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A Study and Critical Edition of ʿIṣmat al-Dawla’s (thrived 11th century) Manhaj al-ʿilm wa l-bayān wa-nuzhat al-samʿ wa l-ʿiyān
This book is a study and edition of the Manhaj al-ʿilm wa l-bayān wa-nuzhat al-samʿ wa l-ʿiyān (The Path of Knowledge and Clarification and the Bliss of Hearing and Seeing). The Manhaj is a Nusayri doctrinal treatise composed by ʿIṣmat al-Dawla during the fifth/eleventh century. This edition makes this important source available to scholars for the first time.
The Manhaj is a comprehensive compendium of knowledge for followers of the faith. It is also an autobiographic account detailing the author’s conversion and the teachings of his teacher, Abū l-Fatḥ al-Baghdādī. The Manhaj thus provides a personal, vivid account of the networks through which esoteric knowledge was sought and shared
A Historiographical Analysis of Holiness, Pentecostal, and Neo-Charismatic Movements in Egypt in the Twentieth Century and Its Current Developments
This book on Egyptian Pentecostalism is considered the first integrated monograph on the topic. It invites scholars and students of Religions, Renewal Studies, and Pentecostalism around the world to discover a new arena of research. Due to the sociocultural perspective of this study on Pentecostalism in Egypt, the book also invites sociologists and scholars who study sociocultural and religious context of the Middle East and North Africa to add new trajectories to their studies. No doubt that this study reveals what was concealed for decades regarding movements and revivals that broke out in Egyptian cities and villages! A must-read!
This volume contains twenty-three texts, most of which were written between the end of the 2nd/8th century and the end of the 3rd/9th century. The majority of them reflect the early stages of the development of the First Ibadi Imamate in 132/750 – established when the Omanis fully seceded from the central state in Baghdad until the Imamate was collapsed by the Abbasids in 280/893. The source value of these Ibadi texts for researchers and scholars specialised in Islamic studies far outweighs any importance they might attach to sectarian history per se.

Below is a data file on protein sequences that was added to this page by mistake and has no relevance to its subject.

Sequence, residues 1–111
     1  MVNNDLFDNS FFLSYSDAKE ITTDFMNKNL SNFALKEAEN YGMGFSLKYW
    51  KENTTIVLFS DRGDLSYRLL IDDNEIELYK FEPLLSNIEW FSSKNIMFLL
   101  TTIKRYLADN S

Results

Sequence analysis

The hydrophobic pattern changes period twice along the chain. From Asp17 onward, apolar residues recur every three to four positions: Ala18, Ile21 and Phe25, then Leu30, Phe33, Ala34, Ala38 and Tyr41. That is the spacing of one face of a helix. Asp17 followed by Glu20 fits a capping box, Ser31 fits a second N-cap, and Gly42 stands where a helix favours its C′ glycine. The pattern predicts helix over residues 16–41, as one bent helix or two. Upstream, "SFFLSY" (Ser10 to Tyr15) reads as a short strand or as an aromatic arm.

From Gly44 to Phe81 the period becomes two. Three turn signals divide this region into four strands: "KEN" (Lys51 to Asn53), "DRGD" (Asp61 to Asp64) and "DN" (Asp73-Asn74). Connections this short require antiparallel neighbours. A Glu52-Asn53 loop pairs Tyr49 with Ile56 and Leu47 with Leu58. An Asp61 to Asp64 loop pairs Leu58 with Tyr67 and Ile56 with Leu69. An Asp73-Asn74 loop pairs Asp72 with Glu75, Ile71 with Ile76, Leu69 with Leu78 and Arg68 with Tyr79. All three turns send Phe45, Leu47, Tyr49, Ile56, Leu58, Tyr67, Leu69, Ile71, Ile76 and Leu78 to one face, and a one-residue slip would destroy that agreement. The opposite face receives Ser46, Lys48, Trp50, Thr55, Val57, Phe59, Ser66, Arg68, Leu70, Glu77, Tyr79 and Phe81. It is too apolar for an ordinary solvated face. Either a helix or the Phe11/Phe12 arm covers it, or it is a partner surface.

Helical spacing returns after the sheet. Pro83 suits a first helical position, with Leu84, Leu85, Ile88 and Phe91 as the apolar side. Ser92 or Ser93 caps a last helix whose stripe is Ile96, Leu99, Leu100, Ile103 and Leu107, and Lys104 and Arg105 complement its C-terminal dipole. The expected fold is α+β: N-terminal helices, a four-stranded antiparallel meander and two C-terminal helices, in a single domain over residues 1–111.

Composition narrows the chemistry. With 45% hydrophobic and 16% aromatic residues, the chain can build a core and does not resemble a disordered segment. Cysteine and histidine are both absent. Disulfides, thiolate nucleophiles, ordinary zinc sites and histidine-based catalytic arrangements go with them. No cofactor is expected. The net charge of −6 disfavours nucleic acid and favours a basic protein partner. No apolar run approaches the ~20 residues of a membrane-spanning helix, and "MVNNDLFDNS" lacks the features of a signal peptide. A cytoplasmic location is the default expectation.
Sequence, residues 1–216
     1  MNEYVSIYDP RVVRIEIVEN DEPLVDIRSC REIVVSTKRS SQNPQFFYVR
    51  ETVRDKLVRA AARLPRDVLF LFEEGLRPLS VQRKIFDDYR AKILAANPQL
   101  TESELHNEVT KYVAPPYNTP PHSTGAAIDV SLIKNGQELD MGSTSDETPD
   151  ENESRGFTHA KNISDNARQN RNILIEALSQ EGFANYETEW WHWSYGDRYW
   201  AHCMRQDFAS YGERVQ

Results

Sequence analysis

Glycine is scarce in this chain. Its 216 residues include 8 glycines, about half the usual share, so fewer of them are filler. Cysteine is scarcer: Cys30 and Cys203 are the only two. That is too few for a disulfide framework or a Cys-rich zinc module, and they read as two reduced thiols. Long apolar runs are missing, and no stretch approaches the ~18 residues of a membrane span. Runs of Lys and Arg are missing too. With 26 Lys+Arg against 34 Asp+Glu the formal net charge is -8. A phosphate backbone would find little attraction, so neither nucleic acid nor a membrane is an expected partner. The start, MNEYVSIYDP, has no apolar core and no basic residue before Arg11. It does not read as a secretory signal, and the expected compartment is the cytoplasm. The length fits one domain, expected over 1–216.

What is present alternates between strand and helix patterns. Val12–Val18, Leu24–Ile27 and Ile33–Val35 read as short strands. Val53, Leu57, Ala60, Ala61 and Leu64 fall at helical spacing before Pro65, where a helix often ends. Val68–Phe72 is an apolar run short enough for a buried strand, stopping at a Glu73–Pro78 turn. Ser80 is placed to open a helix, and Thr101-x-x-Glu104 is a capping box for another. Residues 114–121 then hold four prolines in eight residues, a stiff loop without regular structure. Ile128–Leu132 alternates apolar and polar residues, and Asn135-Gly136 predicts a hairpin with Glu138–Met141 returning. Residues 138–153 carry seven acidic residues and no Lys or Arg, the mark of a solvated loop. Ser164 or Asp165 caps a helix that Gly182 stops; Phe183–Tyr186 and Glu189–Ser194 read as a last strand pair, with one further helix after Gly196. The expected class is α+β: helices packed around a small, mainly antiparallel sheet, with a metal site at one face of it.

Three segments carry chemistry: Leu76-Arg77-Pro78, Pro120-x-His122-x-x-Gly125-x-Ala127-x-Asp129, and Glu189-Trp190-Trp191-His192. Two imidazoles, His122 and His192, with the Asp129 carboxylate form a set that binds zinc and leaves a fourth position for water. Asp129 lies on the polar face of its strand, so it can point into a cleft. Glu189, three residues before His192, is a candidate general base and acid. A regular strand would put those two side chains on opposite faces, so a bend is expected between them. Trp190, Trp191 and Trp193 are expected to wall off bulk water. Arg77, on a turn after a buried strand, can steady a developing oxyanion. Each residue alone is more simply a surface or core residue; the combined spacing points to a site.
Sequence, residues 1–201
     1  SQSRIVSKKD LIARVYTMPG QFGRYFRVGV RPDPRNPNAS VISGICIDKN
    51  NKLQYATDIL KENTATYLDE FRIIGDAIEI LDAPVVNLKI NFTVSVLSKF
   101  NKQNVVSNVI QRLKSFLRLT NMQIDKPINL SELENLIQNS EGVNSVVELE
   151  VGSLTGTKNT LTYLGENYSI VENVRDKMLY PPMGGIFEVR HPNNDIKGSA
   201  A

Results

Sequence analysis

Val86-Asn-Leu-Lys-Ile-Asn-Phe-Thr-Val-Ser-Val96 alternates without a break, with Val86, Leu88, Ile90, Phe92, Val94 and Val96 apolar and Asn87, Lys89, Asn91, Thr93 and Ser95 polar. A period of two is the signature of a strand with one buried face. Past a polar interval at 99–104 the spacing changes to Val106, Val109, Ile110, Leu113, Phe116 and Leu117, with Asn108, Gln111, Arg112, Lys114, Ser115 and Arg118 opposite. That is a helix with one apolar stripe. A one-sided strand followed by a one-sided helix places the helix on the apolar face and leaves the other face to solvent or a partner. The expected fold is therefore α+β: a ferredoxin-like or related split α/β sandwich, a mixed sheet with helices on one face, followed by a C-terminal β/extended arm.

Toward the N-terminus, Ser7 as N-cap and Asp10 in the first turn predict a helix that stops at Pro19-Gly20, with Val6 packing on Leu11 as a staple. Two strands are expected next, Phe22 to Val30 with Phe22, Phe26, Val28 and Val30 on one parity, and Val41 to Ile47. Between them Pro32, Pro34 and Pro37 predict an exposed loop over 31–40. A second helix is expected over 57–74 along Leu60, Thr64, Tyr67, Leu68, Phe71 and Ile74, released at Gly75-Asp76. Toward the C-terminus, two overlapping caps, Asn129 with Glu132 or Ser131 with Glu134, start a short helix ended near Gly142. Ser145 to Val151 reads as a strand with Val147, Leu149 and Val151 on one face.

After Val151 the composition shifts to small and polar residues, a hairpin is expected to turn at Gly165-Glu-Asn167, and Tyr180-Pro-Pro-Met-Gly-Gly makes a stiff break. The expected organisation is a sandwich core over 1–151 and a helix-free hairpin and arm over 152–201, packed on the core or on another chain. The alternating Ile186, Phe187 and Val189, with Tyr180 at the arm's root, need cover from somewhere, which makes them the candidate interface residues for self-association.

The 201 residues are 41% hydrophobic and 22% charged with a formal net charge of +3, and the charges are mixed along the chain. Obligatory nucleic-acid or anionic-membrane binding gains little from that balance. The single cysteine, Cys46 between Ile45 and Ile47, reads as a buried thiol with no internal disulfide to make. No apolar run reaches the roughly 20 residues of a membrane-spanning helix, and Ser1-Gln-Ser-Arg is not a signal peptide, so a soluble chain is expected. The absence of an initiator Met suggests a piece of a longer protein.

Al-Fazārī’s writings are a unique source of information about Ibadi teachings on ʿilm al-kalām and the early development of this branch of religious knowledge. It is for this reason that scholars of Islamic theology are particularly interested in early Ibadi theology. In this volume newly discovered, re-edited texts by al-Fazārī are presented, with previously lacking fragments included, texts that had already begun to offer new perspectives on Islamic ʿilm al-kalām, and on its origins and the sources of its concepts and debating techniques. In their revised state these Ibadi texts represent a major contribution to scholastic theology. They demonstrate how their respective theological debates already took place at the beginning of the second/eighth century and how associated ideas, as well as related sects and treatises, remained current for some time afterwards, thereby contradicting earlier claims that these debates started in the third/ninth century.
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Theology and Society is the most comprehensive study of Islamic intellectual and religious history, focusing on Muslim theology. With its emphasis on the eighth and ninth centuries CE, it remains the most detailed prosopographical study of the early phase of the formation of Islam. Originally published in German between 1991 and 1995, Theology and Society is a monument of scholarship and a unique scholarly enterprise which has stood the test of the time as an unparalleled reference work. The Indices consist of a General index and a separate Index of Works.
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Translator: